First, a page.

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John Bunker, Anesthesia Department founder and health-care critic, dies at 92

- By Kris Newby

John Bunker

John Bunker, MD, a pioneer in evidence-based medicine who early on warned of the pitfalls of the U.S. medical system’s fee-for-service payment method and the founder of the Department of Anesthesia at the Stanford University School of Medicine, died on May 4 in London of multi-organ failure and other causes. He was 92.

Bunker, professor emeritus of anesthesia and of health research and policy, was best-known for initiating the first epidemiologic study of surgical mortality, and for leading the study group that produced the landmark book Costs, Risks and Benefits of Surgery. “Bunker’s bible,” as it was nicknamed, provided surgeons with easy-to-use tables and decision trees that summarized mortality rates, age-related risk assessments and quality-of-life impacts for the most common surgical procedures. It also served as a cautionary tale for hospitals, insurers and policy-makers, warning of the risks of widely adopting new surgical procedures before outcomes were adequately understood.

“Bunker had the courage to raise cost and safety questions that previously had not been studied, and anesthesia, surgery and patients are far better off for his leadership,” said Alain Enthoven, PhD, the Marriner S. Eccles Professor Emeritus of Public and Private Management and a core faculty member at Stanford’s Center for Health Policy.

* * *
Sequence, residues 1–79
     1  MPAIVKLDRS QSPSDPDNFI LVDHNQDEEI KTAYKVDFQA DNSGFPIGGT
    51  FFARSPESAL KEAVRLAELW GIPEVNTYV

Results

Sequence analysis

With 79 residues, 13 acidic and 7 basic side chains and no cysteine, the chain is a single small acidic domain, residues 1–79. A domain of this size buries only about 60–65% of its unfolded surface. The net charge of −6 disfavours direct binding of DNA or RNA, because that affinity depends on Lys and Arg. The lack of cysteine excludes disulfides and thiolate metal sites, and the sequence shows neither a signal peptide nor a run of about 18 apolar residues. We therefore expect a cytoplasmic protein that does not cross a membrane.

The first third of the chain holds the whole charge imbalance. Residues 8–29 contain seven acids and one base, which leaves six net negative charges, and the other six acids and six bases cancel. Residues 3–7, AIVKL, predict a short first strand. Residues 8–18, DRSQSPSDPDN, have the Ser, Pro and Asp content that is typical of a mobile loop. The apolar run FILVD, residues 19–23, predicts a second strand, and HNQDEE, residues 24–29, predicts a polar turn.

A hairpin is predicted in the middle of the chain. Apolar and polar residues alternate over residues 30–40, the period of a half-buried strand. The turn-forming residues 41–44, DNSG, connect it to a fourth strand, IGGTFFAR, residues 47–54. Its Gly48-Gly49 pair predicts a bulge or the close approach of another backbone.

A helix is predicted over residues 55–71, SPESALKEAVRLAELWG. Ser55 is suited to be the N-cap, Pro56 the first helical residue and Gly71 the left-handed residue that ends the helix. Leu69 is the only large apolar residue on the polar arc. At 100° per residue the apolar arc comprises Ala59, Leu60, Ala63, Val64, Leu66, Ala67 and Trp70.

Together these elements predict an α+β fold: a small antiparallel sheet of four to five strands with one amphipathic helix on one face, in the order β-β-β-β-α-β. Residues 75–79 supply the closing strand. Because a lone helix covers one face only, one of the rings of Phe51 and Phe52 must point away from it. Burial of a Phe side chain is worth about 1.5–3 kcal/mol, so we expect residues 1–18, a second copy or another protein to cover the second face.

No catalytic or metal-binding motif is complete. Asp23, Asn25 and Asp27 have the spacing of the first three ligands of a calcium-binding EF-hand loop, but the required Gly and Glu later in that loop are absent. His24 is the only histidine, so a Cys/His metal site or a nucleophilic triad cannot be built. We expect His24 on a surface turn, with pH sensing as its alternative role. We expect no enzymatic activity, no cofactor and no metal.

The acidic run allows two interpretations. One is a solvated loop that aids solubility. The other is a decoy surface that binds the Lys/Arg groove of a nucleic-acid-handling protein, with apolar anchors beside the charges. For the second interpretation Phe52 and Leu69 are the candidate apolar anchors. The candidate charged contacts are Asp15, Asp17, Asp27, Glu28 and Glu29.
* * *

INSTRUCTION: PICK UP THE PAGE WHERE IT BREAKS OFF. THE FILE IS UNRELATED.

Bunker’s early research focused on the effects of anesthetic agents on the liver, and in 1963 he published a study in the New England Journal of Medicine suggesting that an unusually high number of deaths due to toxic hepatitis may have been caused by use of the then-new anesthetic, halothane. This landmark study led to his appointment chairing a subcommittee of the National Halothane Study, sponsored by the U.S. Department of Health, Education, and Welfare, where he worked with a team of statisticians, epidemiologists, pathologists and internists to analyze data from almost 900,000 surgical patients in 34 hospitals. The result was the first set of guidelines for defining safety limits for the use of halothane and other anesthetic agents.

He also assembled a large body of data on operations and operative mortality, questioning the high rates of surgical procedures in the United States and suggesting that financial incentives could be unduly influencing medical decision-making. Some of his seminal ideas were outlined in his influential paper titled, “Surgical manpower: A comparison of operations and surgeons in the United States and in England and Wales,” published in the New England Journal of Medicine in January 1970.

In this article he wrote, “Fee for service may tend to increase the number of operations in cases in which indications are borderline,” and, “Prepaid group [medical] practice halves the numbers of operations and surgeons.”

These and other works made him an early champion for a health-care system with salaried physicians and clinical decisions driven by evidence-based studies, which seems particularly relevant today, as the U.S. government grapples with ways to stem the country’s rapidly rising health-care costs. Indeed, Bunker was at the forefront of the drive to inform clinical practice with thorough external data reviews, encouraging practitioners to supplement their individual expertise with knowledge of systematic research. This evidence-based-medicine approach has in the last few decades become a linchpin of the U. S. health-care system.

Bunker earned his undergraduate and graduate degrees from Harvard University, graduating from medical school in 1945. From 1946 to 1947 he served in the U.S. Navy as a surgeon in China and Guam.

After returning from the war, he worked in the anesthesia research program at Massachusetts General Hospital under Henry Beecher, MD, the renowned scientist who championed the federal rules on human-subject research and obtaining informed consent from those who participate in clinical research studies.